About Highway Milling
Ever get annoyed with the endless highway construction and miles upon miles of traffic? How about the uneven pavement and grooves in the road that take you for a bumpy ride and leave your car a grimy mess? This is thanks to a process called milling. Milling is one of the most common forms of pavement reconstruction. It removes part of a paved surface, such as a road or highway, and can remove a thin layer or a specific level set to a desired depth. Although milling is frustrating for drivers, there are many reasons to mill a paved area. Let us explain!
How Milling Works
The Machine: A milling project is done using a heavy-duty piece of construction equipment known as a milling machine, or a cold planer. Milling machines use a large, rotating drum that grinds and removes the surface of the pavement. Scrolls of tool holders cover the exterior of the drum and hold the carbide cutters that actually cut the pavement. Water is generally applied to the drum while milling, which helps to reduce the extreme heat produced by the machine, as well as minimize any airborne dust caused by milling.
The Process: Milling is done with a few simple steps. First, the milling machine scrapes off the top layer of pavement using a milling drum that is set to the desired depth, typically around 2 inches. The pavement that is scraped off is transferred through the machine to a long conveyor belt that deposits the milled pavement into dump trucks driving at the end of the conveyor. The dump truck then takes the “millings” to be recycled and used to create new pavement. Where does Bortek come in? The milled surface that is left behind is then swept by our street sweepers to clean up any loose debris. The road or parking lot is now ready for new pavement.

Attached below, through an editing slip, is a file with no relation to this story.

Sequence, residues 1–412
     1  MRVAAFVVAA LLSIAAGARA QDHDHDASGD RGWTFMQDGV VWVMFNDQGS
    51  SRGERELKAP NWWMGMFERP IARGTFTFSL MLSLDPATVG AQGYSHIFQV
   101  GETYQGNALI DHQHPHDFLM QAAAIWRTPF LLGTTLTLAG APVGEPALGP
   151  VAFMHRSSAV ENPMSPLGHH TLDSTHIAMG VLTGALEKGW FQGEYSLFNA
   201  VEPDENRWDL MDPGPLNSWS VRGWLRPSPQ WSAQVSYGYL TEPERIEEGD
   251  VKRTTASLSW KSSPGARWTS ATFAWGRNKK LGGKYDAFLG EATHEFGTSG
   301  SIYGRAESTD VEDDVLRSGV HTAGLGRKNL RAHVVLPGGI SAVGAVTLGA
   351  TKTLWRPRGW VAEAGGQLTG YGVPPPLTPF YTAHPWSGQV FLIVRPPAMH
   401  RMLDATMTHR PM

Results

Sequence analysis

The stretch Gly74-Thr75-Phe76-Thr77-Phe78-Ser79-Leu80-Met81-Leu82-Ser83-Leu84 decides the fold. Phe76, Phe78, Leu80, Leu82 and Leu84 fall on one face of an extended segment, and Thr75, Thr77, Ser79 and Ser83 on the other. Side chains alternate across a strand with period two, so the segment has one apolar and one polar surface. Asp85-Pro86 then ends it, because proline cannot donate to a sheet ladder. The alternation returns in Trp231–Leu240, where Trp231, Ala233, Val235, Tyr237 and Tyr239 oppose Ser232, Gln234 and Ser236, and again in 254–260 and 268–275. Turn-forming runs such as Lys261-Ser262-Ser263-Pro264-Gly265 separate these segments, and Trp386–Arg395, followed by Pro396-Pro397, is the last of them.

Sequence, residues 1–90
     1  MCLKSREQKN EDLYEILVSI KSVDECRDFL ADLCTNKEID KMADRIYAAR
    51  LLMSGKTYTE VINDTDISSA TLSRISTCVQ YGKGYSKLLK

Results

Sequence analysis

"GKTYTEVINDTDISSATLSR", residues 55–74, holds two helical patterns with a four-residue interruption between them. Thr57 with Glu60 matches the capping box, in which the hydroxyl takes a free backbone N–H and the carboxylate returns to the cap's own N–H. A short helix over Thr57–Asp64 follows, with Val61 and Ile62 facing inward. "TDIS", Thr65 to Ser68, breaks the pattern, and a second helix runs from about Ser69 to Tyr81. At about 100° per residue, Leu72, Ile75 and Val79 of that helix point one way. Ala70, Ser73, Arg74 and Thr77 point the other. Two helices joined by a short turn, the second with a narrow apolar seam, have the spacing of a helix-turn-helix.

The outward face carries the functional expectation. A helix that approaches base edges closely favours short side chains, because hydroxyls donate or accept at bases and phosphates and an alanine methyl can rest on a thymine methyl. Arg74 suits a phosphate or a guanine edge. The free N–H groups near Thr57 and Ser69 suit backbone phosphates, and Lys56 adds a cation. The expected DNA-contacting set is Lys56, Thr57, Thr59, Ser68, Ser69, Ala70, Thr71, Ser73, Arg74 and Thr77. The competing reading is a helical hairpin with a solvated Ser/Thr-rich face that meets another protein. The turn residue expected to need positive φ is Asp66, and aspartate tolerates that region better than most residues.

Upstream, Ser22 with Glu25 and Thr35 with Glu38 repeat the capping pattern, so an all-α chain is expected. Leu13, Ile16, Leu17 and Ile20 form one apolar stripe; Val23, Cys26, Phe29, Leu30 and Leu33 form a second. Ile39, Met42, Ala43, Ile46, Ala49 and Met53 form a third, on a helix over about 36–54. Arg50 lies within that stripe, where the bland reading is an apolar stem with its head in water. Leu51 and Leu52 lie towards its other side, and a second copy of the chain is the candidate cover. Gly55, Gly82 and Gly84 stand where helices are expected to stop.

Uses for Pavement Milling
Recycling of the road surface is one of the main reasons for pavement milling. Milling is widely used for pavement recycling today, where the pavement is removed and ground up to be used as the aggregate in new pavement. This reduces the impact that resurfacing has on the environment.
Milling can also improve any imperfections on the surface, providing a better driving experience and longer road life. Some of the issues that milling can resolve include:
- Raveling: aggregate becoming separated from the binder and loose on the road
- Bleeding: asphalt coming up to the surface of the road
- Rutting: formation of low spots in pavement along the direction of travel usually in the wheel path
- Ride quality: uneven road surface such as swells, bumps, sags, or depressions
- Damage: resulting from accidents and/or fires
Milling can also be used to control or change the height of part or all of the road. This can be done to control heights of other road structures such as: curbs, shoulder and guardrail heights, and overhead clearances. It can also be done to change the slope of the road or for grade adjustments which can help with water drainage. Some of the benefits of milling are:
- It saves money. Milling is one of the more cost effective ways of paving reconstruction.
- It is environmentally friendly. The milled pavement is recycled to make new asphalt.
- Speed. Aside from resurfacing your lot, milling is the quickest solution to pavement reconstruction.
Why you need Bortek Street Sweepers?
Working on a milling project is one of the hardest jobs you can find for a street sweeper. Milling is an extremely heavy duty application, especially on highway jobs. The need for an effective and efficient street sweeper is critical. A sweeper in poor shape will shut the whole process down and cost you time and money. On those kinds of jobs, the sweeper simply has to keep up. That’s why we highly recommend our sweepers for the highest performance and quality you could ask for. The street sweeper featured to the right is our Global M4HSD Street Sweepers in action! Along with this bad boy, we carry a number of other street sweepers shown below that are guaranteed to get the job done.
Reserve your Street Sweeper from Bortek today!